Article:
A Voting Rights Act for the 21st Century

by Kathleen Yang-Clayton, Deputy Director

America in 2015 looks very different than America in 1965. While I am very moved by President Obama’s call to “restore” the Voting Rights Act of 1965, I believe we really need a VRA for the 21st Century to better reflect our multi-cultural and multi-lingual nation that exists in 2015. Across the country, we see the persistent attacks on our right to vote. Instead of fighting a defensive battle, this is the time to look into the future and share a vision of how we engage with our democracy that inspires people to participate. We could start with reliable and clear voter registration updates, more Early Voting sites and dates, “no fault” Vote-by-Mail options, in-language ballots  for any limited-English proficient citizen and more multi-lingual and cultural Election Judges.

The Asian American community is made up of people who might have just recently become naturalized citizens, while others might be third or fourth generation Americans. Our community can trace its origins to over 20 countries, and in Illinois alone our members speak 25 different languages. This diversity extends beyond Asian Americans, to recent immigrants from Poland, numerous African nations, as well as others, and systems must be designed to lower barriers and encourage participation. For example, even if we were to “restore” the 1965 VRA, language assistance would still not be available for recent citizens who have immigrated from nations in Africa, or for people from Poland, because of the wording of the current laws.

In Illinois, Advancing Justice | Chicago has pushed for ballots to be translated into languages beyond the current VRA requirements. We have also led recruitment for bilingual Election Judges to ensure that limited-English proficient voters can seek language assistance and see a familiar face as part of the democratic system that they are attempting to access.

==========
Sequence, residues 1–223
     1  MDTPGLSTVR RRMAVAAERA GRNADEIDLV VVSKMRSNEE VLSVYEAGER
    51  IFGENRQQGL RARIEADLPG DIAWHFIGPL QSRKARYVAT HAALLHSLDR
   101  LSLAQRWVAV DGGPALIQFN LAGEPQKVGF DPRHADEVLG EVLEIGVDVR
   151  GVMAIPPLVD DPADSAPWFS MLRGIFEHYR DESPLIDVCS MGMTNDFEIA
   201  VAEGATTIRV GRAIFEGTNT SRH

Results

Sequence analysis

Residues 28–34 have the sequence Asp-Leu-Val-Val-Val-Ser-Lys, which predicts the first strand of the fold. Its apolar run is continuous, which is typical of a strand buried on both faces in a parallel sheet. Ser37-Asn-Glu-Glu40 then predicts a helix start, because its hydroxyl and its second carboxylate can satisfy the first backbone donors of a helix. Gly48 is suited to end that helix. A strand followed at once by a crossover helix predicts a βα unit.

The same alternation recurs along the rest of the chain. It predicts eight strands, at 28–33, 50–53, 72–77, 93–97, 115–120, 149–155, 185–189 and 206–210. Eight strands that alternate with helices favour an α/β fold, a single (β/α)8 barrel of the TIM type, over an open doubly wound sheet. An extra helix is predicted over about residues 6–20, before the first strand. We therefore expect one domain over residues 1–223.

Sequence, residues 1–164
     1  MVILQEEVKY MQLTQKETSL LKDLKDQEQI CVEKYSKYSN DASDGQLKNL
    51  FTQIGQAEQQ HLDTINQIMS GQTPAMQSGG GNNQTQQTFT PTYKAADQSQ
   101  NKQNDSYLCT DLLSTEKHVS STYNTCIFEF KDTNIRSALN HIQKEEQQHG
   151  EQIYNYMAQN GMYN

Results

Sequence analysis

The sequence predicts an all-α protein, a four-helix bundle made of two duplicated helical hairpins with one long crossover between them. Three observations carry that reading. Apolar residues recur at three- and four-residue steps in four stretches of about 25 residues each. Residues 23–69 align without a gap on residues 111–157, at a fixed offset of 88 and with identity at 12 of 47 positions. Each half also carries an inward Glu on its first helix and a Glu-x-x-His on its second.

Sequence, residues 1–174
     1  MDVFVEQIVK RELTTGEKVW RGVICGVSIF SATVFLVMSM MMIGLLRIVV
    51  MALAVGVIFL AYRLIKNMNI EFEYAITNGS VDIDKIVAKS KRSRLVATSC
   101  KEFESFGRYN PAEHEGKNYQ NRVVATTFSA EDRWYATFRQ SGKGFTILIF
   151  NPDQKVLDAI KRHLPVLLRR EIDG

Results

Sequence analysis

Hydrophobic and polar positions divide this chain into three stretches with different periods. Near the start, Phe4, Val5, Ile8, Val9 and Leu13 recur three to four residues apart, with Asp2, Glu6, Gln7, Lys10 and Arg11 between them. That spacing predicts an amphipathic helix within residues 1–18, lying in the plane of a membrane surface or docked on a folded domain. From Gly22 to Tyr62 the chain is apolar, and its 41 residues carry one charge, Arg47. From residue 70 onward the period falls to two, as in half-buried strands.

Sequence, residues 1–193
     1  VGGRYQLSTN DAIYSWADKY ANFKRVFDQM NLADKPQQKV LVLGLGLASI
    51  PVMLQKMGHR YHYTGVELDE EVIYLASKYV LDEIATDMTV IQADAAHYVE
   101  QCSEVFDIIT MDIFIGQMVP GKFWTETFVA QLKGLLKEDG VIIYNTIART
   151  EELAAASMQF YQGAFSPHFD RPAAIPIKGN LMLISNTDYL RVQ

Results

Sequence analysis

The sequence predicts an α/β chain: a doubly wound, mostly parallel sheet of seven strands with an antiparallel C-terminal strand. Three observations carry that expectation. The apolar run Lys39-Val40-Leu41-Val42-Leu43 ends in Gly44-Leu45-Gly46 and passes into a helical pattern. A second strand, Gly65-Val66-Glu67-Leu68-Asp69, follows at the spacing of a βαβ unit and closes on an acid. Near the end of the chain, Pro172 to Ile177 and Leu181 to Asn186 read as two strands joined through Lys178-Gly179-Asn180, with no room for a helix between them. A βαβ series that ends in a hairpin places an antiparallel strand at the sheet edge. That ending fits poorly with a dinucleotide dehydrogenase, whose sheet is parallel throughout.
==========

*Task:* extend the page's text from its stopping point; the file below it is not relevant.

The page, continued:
Statewide, we have played a crucial role in the passing and implementing the Election Day registration pilot program that was made permanent after thousands of citizens in our state used the option when they found themselves at their poll sites but could not be found on the rolls.  This didn’t only lower barriers for Asian Americans, or immigrants, or Democrats, but also for long-time residents who were out in the suburbs, Republicans, seniors and busy professionals. On Election Day last November, I traveled across the greater Chicago area from Northbrook to the West Side Learning Center and in-between to record and interview those who were in line waiting to use Election Day registration.  Over and over, I heard similar stories that their names had not been on the list, and they had thought by updating their driver’s license that their voter registration would be updated.  Very rarely did I encounter a story of a “lazy” voter who just didn’t take the time to register.  At Welles Park in Chicago, lines lasted until the early morning hours of people who wanted to cast their ballot.

Along with economic and social justice, there is nothing more important than defending the fairness and transparency of our election systems. I argue that a new Voting Rights Act, one that protects the more diverse America of 2015, and one that reinvigorates our nation’s commitment to a fair, free, and transparent democratic process in the 21st century, is what is needed.

Kathleen Yang-Clayton is the Deputy Director of Asian Americans Advancing Justice | Chicago. Follow her on Twitter at @AsianPolicyNerd